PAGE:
It’s easy to forget that we’re just one season removed from watching the Panthers win an NFL-best 15 games and secure a berth in Super Bowl 50 behind the play of an elite defense and unstoppable MVP Cam Newton. Of course, the memories of that team are obscured by the version of the Panthers we saw last year, when Carolina imploded after its Super Bowl loss to the Broncos and won just six games to finish dead last in the NFC South. That version of Newton completed a little over half of his passes and finished with 19 touchdowns, 14 picks, and a career-low 75.8 passer rating, and that version of the defense took a step back with the loss of All-Pro cornerback Josh Norman (in free agency) and All-Pro linebacker Luke Kuechly (who missed the final six games following a concussion).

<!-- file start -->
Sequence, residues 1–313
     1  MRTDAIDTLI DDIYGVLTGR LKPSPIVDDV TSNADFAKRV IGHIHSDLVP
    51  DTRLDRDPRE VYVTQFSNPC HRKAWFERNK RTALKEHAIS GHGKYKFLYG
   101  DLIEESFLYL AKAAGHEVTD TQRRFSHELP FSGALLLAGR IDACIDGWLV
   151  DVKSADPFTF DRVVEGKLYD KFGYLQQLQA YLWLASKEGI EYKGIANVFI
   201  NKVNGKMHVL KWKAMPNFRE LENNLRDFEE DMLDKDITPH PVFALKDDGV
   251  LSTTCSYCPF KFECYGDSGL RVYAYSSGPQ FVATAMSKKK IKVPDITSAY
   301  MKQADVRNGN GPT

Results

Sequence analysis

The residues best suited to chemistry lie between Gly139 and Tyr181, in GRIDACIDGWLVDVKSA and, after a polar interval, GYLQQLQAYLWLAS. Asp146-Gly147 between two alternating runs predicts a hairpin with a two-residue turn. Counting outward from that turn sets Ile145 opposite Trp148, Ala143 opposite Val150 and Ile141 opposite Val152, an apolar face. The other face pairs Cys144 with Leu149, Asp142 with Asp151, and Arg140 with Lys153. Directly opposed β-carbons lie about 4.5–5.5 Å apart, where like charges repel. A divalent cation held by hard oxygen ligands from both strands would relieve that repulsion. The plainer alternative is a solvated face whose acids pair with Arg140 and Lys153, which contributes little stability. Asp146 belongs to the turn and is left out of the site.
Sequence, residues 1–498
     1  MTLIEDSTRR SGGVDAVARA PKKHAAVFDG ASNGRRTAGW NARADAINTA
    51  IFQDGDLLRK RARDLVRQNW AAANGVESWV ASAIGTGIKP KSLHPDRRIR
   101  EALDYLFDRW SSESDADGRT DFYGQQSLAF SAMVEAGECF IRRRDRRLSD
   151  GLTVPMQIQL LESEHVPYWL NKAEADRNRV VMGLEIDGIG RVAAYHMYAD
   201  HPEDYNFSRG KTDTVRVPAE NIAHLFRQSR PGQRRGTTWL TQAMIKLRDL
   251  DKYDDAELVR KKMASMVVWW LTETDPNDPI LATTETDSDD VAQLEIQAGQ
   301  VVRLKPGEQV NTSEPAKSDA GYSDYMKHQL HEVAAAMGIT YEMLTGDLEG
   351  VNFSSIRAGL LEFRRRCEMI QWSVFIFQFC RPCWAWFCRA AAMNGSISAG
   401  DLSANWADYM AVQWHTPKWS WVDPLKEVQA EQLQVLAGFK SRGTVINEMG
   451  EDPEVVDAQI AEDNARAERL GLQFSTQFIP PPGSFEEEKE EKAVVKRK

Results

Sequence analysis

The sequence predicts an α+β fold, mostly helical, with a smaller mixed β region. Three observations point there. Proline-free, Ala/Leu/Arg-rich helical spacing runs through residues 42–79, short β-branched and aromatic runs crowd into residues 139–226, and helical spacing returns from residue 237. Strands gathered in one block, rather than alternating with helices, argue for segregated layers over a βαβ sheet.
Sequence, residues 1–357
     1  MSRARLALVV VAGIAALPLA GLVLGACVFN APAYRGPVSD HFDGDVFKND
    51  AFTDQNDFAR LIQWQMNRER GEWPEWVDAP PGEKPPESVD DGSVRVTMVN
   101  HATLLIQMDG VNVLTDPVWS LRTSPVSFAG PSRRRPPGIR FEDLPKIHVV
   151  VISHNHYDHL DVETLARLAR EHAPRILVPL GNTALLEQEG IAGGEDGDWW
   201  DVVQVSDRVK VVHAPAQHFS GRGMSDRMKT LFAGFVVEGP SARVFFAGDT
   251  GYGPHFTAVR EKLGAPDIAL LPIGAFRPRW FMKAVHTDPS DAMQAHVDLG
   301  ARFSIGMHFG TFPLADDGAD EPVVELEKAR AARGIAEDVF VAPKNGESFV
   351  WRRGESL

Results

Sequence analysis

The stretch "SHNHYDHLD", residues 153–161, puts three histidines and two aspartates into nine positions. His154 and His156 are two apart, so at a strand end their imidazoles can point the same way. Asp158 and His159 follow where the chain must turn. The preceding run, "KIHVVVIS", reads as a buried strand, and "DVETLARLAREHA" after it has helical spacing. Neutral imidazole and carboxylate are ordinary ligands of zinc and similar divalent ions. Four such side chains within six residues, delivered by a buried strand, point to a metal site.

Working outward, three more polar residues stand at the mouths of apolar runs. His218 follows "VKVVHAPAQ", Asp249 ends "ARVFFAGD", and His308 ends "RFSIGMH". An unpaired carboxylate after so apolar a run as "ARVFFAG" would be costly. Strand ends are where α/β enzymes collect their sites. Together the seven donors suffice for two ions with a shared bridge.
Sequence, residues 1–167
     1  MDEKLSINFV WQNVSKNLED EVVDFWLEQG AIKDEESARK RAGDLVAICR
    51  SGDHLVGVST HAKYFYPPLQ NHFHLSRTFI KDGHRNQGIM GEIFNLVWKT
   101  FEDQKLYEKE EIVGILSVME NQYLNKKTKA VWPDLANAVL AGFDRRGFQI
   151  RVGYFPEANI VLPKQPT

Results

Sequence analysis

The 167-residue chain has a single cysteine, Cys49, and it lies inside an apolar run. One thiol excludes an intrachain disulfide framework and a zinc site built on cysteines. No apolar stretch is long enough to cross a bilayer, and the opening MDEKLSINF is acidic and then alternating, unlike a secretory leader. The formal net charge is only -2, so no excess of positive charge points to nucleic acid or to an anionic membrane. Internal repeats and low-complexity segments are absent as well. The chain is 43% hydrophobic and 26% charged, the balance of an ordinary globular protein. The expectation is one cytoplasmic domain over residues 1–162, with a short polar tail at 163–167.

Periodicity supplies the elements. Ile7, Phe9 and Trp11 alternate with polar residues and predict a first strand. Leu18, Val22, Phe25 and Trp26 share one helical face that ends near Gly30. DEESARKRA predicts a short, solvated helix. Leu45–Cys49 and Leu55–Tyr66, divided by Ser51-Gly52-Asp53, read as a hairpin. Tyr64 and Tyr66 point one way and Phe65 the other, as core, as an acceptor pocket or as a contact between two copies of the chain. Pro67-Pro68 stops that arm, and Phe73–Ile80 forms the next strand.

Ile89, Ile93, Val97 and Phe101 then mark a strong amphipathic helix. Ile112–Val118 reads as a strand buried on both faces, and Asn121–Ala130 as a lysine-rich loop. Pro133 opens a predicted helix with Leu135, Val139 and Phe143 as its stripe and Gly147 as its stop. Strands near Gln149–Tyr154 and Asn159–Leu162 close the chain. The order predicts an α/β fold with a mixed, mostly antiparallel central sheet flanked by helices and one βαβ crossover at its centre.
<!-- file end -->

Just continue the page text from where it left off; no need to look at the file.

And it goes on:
But five weeks into the season, Carolina’s shown some flashes of its former class-of-the-NFC, Super Bowl–contender self: Kuechly and the defense have been disciplined; the pass rush has come alive behind free-agent addition Julius Peppers; a handful of playmakers such as Christian McCaffrey, Kelvin Benjamin, and Devin Funchess have stepped up on offense; and, most importantly, Newton resembles his 2015 self. After beating the Lions in Detroit 27-24 on Sunday in a game that never felt as close as the final score indicated, the Panthers look like they’re quietly back to being one of the toughest, most balanced teams in NFL again.